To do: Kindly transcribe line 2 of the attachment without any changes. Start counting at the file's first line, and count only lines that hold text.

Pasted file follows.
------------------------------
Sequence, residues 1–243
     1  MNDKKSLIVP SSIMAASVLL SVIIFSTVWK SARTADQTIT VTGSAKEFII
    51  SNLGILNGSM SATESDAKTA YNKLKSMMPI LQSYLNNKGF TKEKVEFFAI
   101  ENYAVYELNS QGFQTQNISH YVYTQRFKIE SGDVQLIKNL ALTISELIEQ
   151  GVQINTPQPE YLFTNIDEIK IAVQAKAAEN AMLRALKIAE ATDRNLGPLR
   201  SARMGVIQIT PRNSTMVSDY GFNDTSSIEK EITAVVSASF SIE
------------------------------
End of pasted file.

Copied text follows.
     1  MNDKKSLIVP SSIMAASVLL SVIIFSTVWK SARTADQTIT VTGSAKEFII